Chris Evans is making his Broadway debut in a revival of Kenneth Lonergan’s Lobby Hero (wearing a moustache, and a lot of people are into their feelings about this), and on the precipice of opening night, he has a big new profile in the New York Times. Everyone is latching onto a comment he makes about exiting the Avengers franchise after Avengers 4 in 2019 (“You want to get off the train before they push you off”), but this is not new information. Evans has been talking about retiring from Marvel since, like, the second Captain America movie. When put on the spot, especially in front of fans, he might say something like, I’ll do it as long as they want me, but 1) Cap doesn’t age, so there is a sell-by date, and 2) he has definitely talked about retiring multiple times, why is anyone surprised he’s ready to walk away? 

Another interesting tidbit is the intimation that Evans and Jenny Slate have broken up again. The writer, Reggie Ugwu, notes that “their on-again, off-again relationship, beloved by the internet, recently ended”. That’s too bad, she has been the most interesting thing about him of late. But this isn’t what I really want to talk about, either.

What I really want to discuss is what this profile signals about Evans’ next act. Marvel has defined him for almost a decade, it’s made him an international star, and given him the kind of cushion that allows him to pursue things like his own directing gigs and Broadway. But with that winding down, he now has to redefine who Chris Evans is, post-Marvel. He has not yet successfully established an identity outside of superhero movies—like, say, Chris Hemsworth redefining himself as a comedy guy—which means he has to convince us he’s worth following even without the spandex.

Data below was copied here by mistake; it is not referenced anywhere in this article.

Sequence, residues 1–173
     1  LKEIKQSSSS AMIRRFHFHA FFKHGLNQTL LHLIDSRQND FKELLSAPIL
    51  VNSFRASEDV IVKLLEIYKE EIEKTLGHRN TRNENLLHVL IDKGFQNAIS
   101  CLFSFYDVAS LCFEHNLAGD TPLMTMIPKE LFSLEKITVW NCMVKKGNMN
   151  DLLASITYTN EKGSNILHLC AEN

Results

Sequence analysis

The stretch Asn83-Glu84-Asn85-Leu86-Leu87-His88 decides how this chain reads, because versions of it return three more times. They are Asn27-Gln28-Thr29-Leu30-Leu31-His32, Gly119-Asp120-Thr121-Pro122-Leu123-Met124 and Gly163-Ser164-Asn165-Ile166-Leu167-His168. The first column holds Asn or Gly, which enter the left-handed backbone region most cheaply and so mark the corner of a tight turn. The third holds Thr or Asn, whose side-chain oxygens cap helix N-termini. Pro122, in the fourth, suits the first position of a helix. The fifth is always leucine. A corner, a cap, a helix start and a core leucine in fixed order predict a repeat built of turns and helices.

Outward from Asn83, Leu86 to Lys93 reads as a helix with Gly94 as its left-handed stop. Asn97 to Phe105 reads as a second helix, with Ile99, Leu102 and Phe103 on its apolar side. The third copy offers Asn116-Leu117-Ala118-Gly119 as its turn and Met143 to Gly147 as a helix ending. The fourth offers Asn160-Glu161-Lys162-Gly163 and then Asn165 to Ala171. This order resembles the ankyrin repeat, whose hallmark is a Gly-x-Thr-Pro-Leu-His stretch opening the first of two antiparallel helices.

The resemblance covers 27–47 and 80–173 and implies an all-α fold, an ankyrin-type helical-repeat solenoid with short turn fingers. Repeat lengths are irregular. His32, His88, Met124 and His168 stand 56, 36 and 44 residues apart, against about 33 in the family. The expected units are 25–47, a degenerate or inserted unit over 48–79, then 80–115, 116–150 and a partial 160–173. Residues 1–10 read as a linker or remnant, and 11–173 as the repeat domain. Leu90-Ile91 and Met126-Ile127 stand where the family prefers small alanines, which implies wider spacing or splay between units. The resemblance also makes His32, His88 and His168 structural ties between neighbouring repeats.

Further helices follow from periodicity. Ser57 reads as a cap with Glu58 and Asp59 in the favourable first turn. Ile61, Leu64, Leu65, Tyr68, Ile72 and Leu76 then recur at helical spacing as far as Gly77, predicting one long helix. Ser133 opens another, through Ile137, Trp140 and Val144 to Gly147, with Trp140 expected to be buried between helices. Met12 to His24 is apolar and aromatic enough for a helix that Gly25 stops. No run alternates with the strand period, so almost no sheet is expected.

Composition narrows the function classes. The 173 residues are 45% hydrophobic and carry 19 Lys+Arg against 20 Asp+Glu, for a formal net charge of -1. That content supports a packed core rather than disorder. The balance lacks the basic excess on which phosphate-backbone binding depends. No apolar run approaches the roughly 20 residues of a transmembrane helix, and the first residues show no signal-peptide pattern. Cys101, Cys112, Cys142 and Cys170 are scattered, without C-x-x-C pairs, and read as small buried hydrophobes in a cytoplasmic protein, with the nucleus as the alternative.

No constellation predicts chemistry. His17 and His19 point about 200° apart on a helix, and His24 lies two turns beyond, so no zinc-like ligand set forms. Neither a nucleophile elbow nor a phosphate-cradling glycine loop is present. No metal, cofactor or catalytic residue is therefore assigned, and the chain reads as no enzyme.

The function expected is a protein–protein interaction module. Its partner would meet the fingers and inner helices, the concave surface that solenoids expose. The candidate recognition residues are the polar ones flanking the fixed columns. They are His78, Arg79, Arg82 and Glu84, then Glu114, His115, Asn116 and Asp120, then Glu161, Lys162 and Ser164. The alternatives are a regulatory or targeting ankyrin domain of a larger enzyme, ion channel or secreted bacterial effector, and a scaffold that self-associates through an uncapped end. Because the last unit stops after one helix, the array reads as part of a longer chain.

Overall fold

And this profile is pretty effective at telling us who Chris Evans is as he prepares to move into a new phase of his career. He’s doing Broadway and taking private tap dance lessons in New York, which is bordering on the kind of precious that has not favored him in the past, but it just manages to swing into “New York theater community” territory and save it from being too cute. Lainey called it a specific kind of edgy, not the Justin Theroux brand of faux edge, but in that theater actor street cred way. He’s treading the boards and taking dance lessons, he grew up in community theater—this profile reads like an application to hang out with the cool New York actor crowd.

It’s also implied Evans is renting an apartment in Tribeca—how long before he relocates to New York, do you think? By the end of the year? This is the impression I’m getting from the profile, that he’s leaving the Hollywood world of blockbusters behind for something more fulfilling—and authentic, because we read East Coast vs. West Coast as authentic vs. phony—which is probably going to involve a move to New York. (Whenever an actor is done with LA, there are only two moves: Buy a ranch or move to New York.)

This is an effective profile for reconsidering Chris Evans. He hasn’t gone full-blown Broadway nerd, but he is definitely signaling a shift away from the Hollywood machine of blockbusters and giant studio movies. He hasn’t emerged overnight with a new persona, but he is inviting us to see him in a new light. He will still have to prove himself through his work, and as Ugwu points out, Lobby Hero isn’t a complete departure from his current persona as a superhero. It’s more subverting that audience expectation than outright breaking it. At some point he will have to make the break complete and complete his post-superhero transformation, but this is a solid step in that direction.